HL Deb 18 January 1972 vol 327 cc1-3

My Lords, I beg leave to ask the Question which stands in my name on the Order Paper.

[The Question was as follows:

To ask Her Majesty's Government whether they will enumerate the offences for which Jack Leonard Prescott was serving a five and a half year sentence in Albany Prison; how long he remained in prison; on what grounds he was released on parole; whether he was subject to any supervision while living in a "commune" at Grosvenor Avenue, Islington; whether the ground for his arrest was a charge of fraud; whether he joined the Angry Brigade while on parole; and whether they will exercise greater caution in future before releasing dangerous convicts on parole.]


My Lords. I shall reply as briefly as pos- sible, but there are seven separate questions here. The offences for which Prescott was convicted in February, 1968, were: unauthorised possession of a dangerous drug; breaking and entering and stealing; unauthorised possession of a firearm and ammunition, and using a firearm with intent to prevent lawful detention. He served two years, seven months, in prison before being released on licence following acceptance of a recommendation by the Parole Board. Prescott was subject to supervision by the probation and after-care service throughout the period he was at liberty and had reported to the supervising officer. He was understood to be living in private lodgings at known addresses, and the probation service had been in touch with the landlords. If, as subsequently stated, Prescott was living elsewhere, the supervising officer was deceived. His arrest on January 20, 1971, was the result of being stopped in the street and found in possession of a small quantity of cannabis and cheque books which were thought to have been stolen. It is not known when Prescott became associated with the Angry Brigade. Both my right honourable friend the Home Secretary and the Parole Board, in submitting recommendations to him, attach the greatest importance to the protection of the public in considering the release of any prisoner on licence.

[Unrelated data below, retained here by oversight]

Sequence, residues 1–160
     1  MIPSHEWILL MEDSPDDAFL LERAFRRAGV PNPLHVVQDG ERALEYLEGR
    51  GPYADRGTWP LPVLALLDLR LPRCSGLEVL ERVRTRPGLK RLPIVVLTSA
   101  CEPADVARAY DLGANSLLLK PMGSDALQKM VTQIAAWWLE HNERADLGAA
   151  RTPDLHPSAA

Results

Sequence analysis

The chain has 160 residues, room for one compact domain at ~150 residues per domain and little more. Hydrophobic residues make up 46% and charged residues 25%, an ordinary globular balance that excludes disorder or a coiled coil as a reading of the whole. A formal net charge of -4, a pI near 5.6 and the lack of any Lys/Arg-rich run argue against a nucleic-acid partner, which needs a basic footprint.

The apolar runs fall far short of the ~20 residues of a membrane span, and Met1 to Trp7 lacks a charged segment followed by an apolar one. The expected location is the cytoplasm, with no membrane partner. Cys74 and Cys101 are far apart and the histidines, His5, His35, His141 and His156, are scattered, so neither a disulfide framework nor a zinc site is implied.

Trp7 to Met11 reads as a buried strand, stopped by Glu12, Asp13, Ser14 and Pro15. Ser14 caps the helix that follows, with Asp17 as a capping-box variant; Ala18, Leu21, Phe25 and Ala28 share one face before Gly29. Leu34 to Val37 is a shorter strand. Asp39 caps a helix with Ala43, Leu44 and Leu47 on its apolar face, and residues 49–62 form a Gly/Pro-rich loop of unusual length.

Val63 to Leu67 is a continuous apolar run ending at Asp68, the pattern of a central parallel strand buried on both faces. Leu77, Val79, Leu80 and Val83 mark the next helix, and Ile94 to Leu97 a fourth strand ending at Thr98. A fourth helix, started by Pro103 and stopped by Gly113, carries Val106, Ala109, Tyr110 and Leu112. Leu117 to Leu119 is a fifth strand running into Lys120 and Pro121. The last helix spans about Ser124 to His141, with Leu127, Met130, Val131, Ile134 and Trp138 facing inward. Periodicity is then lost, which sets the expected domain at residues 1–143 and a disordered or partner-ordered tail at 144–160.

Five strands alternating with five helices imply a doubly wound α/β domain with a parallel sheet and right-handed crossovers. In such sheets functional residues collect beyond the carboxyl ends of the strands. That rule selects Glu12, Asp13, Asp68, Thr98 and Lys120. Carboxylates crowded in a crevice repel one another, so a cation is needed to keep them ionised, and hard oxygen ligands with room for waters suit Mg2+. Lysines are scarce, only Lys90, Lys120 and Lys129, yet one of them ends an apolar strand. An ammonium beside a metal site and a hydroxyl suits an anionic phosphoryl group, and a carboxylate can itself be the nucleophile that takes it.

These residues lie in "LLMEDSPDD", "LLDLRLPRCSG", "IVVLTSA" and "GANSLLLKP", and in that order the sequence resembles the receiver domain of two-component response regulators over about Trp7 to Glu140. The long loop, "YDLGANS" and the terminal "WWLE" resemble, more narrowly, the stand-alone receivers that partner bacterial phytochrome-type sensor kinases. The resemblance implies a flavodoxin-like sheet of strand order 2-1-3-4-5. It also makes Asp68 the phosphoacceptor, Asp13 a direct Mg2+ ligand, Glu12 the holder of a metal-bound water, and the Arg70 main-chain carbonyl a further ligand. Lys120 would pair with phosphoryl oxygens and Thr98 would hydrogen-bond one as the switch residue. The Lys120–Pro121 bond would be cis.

My Lords, does not this reply by the Government call in question the efficiency of the whole of the administration of the parole system? If a man serving a five and a half year sentence for the illegal possession of fire-arms and other offences is released on parole his supervision is insufficient if he has managed during that time to commit a number of other offences. He is then released on bail and subsequently arrested on a suspicion of an entirely new offence. It is only because of that arrest that it is found that he is associated with the Angry Brigade. Does this not indicate that dangerous criminals are released on parole and are not subjected to proper supervision?


My Lords, it is dangerous to generalise on the working of the parole scheme on the basis of a single case, serious though that case is. In the three and a half years since the parole system was introduced, following the passing of the Criminal Justice Act 1967, about 8.000 people have been paroled. My right honourable friend the Home Secretary and the members of the Parole Board accept that this is a case which must be looked at very carefully in all its aspects so that we may see what lessons can be learned.


My Lords, is the Minister able to carry those figures a little further and tell us what percentage of persons released on parole since the system was instituted have been convicted of crimes of violence while on parole?


My Lords, less than 1 per cent. of those serving a term of imprisonment for an offence of violence have committed a further offence of violence during the period of their licence.

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